Which way to the North Pole?
One of the most famous faces of Christmas is Santa Claus but there is much dispute over where Santa hangs his stocking, especially amongst Nordic nations. So where exactly does he live? We tried to find out.
Finns are fanatical about Santa. They believe that Santa or as he’s known locally by his Finnish stage name, Joulupukki, lives with the 'Missus' in Rovaniemi, Finland. The town of Rovaniemi holds trademarks from the EU, US, and Japan designating it as “The Official Hometown of Santa Claus®.”
Finland's fixation with Santa resulted in the Finnish Claus being banned from the World Santa Claus Congress, an invitation only event, which is held annually in Denmark. The Finnish Santa was placed on the naughty list after he declared that he would only attend if the Congress acknowledged that he was the one true Santa.
As Finland embarks on its quest for world Santa domination, Danes and Greenlanders concur that Julemanden, as he’s known by his Danish alias, lives in a secret castle on a mountain in Greenland. The 50,000 letters sent to Santa annually in Greenland are delivered to Santa’s giant, red mailbox, which has the distinction of being the world’s largest. Julemanden relies upon Greenlandic huskies, each one named after a different month, to power his sleigh.
Compared to their neighbours, Swedes are the least obsessed with whether Jultomte glides through customs and immigration with the use of a Swedish passport. Nevertheless, when Santa shares the spotlight with Donald Duck in the Walt Disney television special 'From All of Us to All of You', this Christmas Eve broadcast brings the country to a standstill. Many families gather around the television to watch this classic, which has been going since 1959.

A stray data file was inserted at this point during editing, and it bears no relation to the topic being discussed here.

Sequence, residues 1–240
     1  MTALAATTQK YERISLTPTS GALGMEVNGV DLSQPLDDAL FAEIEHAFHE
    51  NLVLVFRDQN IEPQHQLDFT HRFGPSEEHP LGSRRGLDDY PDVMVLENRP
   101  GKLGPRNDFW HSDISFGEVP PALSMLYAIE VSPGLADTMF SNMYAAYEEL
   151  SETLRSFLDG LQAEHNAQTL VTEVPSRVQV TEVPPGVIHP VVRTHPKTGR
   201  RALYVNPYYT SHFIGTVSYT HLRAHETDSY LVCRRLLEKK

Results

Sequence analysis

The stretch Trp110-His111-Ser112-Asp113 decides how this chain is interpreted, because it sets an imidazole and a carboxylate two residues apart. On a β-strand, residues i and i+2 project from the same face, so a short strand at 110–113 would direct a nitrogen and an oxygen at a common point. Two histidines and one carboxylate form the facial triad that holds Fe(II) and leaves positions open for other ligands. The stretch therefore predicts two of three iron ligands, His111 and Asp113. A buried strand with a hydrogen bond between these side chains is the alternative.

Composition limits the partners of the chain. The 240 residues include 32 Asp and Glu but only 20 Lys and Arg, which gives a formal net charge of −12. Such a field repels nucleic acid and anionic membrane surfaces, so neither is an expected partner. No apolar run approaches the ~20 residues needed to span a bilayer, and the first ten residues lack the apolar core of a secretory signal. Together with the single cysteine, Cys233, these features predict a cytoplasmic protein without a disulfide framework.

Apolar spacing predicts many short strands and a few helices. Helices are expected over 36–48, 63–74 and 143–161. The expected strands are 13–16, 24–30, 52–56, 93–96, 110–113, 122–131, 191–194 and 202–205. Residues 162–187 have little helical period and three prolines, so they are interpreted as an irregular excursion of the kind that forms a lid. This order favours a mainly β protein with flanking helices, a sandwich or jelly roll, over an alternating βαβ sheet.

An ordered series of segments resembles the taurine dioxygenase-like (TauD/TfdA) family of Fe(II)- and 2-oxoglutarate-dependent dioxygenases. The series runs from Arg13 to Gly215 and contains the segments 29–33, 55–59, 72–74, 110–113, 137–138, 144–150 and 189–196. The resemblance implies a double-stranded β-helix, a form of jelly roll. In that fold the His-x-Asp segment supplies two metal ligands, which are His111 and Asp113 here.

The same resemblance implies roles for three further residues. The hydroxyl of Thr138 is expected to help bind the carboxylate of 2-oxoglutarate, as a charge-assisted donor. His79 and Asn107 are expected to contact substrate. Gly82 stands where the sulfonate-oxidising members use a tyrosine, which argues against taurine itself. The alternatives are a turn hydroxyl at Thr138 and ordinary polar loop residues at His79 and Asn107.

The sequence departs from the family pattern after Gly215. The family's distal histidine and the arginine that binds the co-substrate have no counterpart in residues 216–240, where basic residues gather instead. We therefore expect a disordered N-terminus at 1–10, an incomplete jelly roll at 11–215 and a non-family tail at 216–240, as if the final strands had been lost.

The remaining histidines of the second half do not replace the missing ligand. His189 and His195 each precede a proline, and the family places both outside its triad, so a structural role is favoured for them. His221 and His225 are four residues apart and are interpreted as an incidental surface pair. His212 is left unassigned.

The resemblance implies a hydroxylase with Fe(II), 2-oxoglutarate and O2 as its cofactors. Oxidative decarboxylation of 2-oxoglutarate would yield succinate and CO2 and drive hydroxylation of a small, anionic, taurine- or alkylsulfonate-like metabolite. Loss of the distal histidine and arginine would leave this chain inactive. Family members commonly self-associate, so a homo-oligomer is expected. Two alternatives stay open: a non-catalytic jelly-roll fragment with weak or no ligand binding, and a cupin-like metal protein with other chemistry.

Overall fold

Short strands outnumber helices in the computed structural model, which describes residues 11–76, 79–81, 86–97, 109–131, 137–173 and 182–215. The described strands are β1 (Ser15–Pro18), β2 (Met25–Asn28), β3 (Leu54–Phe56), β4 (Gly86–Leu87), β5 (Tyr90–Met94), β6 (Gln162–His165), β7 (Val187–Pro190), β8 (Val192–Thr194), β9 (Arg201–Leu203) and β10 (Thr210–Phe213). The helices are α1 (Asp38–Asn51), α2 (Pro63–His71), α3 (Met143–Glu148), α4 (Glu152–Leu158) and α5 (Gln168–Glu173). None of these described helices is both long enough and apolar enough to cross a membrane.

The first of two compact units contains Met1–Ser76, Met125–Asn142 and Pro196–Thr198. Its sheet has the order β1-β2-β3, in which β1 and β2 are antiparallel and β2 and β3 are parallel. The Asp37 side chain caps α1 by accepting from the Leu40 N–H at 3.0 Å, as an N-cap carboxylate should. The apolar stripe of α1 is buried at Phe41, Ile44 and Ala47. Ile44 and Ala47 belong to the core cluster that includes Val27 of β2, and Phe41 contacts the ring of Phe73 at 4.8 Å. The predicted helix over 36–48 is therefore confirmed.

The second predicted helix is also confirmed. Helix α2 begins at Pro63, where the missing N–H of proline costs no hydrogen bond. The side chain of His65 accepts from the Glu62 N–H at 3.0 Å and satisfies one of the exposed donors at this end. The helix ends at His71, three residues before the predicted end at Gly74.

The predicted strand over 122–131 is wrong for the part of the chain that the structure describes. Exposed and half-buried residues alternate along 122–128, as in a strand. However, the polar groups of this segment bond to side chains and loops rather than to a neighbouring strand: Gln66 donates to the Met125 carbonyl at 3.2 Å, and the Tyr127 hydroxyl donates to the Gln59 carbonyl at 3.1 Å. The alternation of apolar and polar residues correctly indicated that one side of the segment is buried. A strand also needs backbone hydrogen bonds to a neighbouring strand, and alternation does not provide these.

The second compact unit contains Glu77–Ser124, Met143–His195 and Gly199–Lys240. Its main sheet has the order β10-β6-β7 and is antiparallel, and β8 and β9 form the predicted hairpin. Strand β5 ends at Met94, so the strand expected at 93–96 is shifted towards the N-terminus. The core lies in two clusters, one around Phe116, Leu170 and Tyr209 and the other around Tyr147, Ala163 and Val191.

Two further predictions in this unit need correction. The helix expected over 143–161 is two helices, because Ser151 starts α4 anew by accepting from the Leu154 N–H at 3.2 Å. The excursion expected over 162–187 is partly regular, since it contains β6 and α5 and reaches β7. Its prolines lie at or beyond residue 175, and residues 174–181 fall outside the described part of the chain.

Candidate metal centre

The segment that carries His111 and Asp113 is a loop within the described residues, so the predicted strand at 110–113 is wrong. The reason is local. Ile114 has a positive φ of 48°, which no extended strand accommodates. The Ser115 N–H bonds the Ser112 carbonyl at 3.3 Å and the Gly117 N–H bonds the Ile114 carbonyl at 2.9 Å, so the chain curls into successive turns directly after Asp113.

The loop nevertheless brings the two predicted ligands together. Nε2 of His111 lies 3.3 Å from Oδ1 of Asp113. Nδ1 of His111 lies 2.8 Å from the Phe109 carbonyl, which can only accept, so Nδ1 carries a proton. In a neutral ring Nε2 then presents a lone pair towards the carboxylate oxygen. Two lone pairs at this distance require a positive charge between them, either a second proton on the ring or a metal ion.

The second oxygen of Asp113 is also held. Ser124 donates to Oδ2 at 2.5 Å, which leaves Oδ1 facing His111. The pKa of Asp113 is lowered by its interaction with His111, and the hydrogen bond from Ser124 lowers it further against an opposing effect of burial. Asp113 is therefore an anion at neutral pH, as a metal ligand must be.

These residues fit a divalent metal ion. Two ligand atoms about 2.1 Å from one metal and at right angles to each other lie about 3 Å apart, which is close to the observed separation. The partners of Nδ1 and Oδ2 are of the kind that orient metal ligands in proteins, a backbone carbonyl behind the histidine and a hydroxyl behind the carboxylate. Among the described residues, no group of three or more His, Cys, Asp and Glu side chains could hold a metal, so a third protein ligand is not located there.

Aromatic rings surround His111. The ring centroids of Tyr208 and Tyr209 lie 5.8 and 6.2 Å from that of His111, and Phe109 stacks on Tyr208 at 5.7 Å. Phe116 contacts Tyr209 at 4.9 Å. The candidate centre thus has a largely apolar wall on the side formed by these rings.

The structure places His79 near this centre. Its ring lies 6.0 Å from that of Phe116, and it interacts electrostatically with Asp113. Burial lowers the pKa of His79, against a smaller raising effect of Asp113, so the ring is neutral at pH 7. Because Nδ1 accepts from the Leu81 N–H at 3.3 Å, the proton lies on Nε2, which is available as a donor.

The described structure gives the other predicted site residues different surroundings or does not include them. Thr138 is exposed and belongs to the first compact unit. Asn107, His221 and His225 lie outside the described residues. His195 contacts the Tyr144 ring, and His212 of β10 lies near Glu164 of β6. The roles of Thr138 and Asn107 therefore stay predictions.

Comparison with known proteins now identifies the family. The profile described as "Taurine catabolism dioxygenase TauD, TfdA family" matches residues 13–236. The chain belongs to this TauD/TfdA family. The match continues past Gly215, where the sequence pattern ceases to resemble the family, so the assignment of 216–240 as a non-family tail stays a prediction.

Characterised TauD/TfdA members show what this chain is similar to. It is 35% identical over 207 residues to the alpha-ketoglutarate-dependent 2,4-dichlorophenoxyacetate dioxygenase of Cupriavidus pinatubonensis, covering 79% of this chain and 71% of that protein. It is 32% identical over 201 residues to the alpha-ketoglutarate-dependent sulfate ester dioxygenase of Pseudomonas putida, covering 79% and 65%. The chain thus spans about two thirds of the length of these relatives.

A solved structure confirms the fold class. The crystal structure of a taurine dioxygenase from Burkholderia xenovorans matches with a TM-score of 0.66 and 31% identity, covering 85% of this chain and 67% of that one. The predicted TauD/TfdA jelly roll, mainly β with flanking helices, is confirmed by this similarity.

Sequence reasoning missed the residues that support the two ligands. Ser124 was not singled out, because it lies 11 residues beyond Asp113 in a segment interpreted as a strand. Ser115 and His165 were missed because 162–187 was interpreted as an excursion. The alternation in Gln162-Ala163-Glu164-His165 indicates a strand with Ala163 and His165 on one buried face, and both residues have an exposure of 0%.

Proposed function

Norway’s Julenissen is thought to reside in Drøbak, located near Oslo. Norwegians believe that after Christmas, Julenissen sleeps for weeks to regain his strength. In between Boxing Day and New Year’s Eve, when Santa is in deep hibernation mode, children dress up as elves and go door to door in their neighbourhood seeking treats in much the same way American children go trick or treating on Halloween.
Icelanders lay claim to thirteen Santa Clauses, or Jólasveinar. They arrive one by one each day starting on the morning of 12th December until Christmas Day. The Jólasveinar will leave small gifts in the shoes of well-behaved children who place them in their windowsills, while naughty children receive a potato.
The countries that hug the Arctic Circle may have the most meritorious claims to Santa but his lineage is unimportant as he transcends nationalities and borders. What is important is the spirit of generosity and hope in those who still dare to believe.